Immediately after total hip replacement surgery, you will experience stiffness in the hip and leg, and muscle weakness. Initially, pain is managed primarily with medication. Your physical therapist also may recommend ice packs to help reduce discomfort and swelling, and teach you gentle exercises and movements to begin to improve your motion and strength.
How Is It Diagnosed?
To be considered for a total hip replacement, most individuals will have already been seen by a medical professional. Your physician will order x-rays to assess whether there are changes to the bones and cartilage of your hip. If you have had a fall, x-rays will also guide the attending health care professionals in determining if there is a fracture and if it requires surgery in order for you to regain your function. A physical therapist will evaluate your range of motion, strength, and how much your hip pain impacts your functional mobility. Factors can include how you get in and out of bed, sit down and stand up, squat down, walk, and navigate stairs and curbs. The results of these evaluations will help determine whether you might benefit from total hip replacement surgery.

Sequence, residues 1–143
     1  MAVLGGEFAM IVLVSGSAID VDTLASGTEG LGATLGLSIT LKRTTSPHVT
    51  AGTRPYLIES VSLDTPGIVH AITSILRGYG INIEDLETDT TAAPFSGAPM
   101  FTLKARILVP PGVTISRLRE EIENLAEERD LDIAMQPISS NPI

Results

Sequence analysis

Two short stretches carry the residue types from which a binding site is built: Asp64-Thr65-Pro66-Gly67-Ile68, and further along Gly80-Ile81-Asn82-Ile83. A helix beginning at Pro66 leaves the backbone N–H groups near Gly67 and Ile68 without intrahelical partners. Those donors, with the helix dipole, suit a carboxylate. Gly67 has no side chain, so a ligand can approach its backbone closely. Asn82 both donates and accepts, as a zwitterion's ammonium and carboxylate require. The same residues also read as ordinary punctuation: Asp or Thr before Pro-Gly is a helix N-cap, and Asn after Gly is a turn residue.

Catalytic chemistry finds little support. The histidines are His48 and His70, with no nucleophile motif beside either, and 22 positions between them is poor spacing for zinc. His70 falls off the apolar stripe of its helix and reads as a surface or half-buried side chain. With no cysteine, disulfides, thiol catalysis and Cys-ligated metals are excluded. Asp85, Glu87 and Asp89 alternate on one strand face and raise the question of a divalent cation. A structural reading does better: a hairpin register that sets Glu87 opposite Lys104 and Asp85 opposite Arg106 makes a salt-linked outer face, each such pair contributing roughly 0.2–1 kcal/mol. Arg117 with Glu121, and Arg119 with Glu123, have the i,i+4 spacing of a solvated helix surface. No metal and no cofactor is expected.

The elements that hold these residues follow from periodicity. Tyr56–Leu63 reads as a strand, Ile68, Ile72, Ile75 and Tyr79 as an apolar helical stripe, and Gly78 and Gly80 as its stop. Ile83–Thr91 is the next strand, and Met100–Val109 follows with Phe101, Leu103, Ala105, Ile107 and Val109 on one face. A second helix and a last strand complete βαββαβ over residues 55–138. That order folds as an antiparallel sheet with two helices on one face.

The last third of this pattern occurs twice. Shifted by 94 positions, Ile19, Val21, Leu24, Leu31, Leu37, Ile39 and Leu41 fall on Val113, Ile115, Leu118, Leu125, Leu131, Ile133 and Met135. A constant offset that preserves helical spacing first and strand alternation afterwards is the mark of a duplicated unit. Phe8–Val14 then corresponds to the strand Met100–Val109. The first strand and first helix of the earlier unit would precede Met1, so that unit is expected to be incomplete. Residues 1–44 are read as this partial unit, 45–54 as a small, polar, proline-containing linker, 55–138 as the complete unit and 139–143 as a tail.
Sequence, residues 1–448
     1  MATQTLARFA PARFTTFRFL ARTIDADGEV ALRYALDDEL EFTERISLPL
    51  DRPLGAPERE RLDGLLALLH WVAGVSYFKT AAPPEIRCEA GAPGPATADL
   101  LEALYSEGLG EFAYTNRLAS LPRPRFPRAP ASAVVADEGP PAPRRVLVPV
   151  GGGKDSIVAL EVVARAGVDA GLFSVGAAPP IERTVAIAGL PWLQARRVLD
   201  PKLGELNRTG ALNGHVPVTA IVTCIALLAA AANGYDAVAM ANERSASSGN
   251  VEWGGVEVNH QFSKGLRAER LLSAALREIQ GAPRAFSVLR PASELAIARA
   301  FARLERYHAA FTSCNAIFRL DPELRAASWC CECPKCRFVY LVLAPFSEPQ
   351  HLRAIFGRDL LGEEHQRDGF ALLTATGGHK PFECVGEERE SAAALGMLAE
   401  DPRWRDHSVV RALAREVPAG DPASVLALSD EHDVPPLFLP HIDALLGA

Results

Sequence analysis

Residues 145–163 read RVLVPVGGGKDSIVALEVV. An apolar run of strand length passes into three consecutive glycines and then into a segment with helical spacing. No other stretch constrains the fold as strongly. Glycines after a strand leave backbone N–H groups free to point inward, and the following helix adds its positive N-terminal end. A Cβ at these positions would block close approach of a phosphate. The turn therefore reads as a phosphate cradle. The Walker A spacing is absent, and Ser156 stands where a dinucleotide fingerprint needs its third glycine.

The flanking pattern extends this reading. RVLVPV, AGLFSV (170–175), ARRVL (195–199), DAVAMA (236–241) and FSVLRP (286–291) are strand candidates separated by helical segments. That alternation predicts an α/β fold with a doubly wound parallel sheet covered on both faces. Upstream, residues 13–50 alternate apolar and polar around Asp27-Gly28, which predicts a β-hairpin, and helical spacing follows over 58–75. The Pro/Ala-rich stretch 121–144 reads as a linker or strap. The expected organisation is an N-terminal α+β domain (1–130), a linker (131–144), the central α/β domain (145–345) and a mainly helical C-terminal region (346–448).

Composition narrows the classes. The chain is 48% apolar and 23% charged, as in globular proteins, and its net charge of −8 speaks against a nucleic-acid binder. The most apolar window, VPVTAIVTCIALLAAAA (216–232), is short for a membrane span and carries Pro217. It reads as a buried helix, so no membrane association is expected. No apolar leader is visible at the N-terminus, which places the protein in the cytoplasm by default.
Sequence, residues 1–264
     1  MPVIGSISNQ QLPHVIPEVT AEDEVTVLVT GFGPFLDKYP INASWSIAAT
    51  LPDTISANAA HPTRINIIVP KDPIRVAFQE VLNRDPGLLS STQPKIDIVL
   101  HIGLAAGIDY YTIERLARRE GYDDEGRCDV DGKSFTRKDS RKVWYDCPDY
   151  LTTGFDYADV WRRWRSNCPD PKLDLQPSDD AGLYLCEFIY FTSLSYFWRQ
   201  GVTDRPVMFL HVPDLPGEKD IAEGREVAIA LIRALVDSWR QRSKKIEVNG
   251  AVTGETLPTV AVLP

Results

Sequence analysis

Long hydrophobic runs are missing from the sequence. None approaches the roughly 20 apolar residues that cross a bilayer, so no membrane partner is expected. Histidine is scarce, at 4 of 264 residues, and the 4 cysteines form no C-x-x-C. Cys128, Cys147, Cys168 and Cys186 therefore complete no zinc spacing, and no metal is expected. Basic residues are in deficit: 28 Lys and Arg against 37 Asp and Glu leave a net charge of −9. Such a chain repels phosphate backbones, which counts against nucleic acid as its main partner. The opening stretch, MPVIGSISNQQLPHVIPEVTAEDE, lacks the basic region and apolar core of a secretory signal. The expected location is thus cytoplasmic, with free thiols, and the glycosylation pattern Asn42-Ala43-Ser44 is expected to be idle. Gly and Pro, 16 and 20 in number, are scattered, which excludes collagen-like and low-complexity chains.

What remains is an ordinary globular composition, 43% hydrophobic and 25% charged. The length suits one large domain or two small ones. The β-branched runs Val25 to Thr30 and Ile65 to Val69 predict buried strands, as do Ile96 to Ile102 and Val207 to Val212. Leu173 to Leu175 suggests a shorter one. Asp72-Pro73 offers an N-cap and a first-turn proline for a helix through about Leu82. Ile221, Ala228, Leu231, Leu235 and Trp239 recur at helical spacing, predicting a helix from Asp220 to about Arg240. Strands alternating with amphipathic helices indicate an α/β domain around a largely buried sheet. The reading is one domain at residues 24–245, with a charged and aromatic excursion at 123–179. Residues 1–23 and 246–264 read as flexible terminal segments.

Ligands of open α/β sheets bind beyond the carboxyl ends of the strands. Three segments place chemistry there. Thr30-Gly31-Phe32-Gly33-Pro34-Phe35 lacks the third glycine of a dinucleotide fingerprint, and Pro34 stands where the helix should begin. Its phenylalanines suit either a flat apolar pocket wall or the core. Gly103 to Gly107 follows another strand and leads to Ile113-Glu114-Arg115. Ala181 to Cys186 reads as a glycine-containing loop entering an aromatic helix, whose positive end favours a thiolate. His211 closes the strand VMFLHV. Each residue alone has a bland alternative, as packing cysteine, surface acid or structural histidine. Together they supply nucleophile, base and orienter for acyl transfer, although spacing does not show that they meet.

Hip replacements are most often performed in adults aged 60 to 80 years. Your medical team will help you determine if you are a good candidate for surgery based on your x-rays and your physical assessment. Risk factors that may interfere with your recovery, such as advanced age, obesity, or a history of smoking or excessive alcohol use will be taken into account.
How Can a Physical Therapist Help?
Your physical therapist can help educate you about what to expect from your surgery, and give you exercises to condition your body before surgery.
In preparation for surgery, your physical therapist may teach you:
- Flexibility and strengthening exercises for the lower extremities
- How to use a walker or crutches for walking and for navigating steps
- Any precautions to take after surgery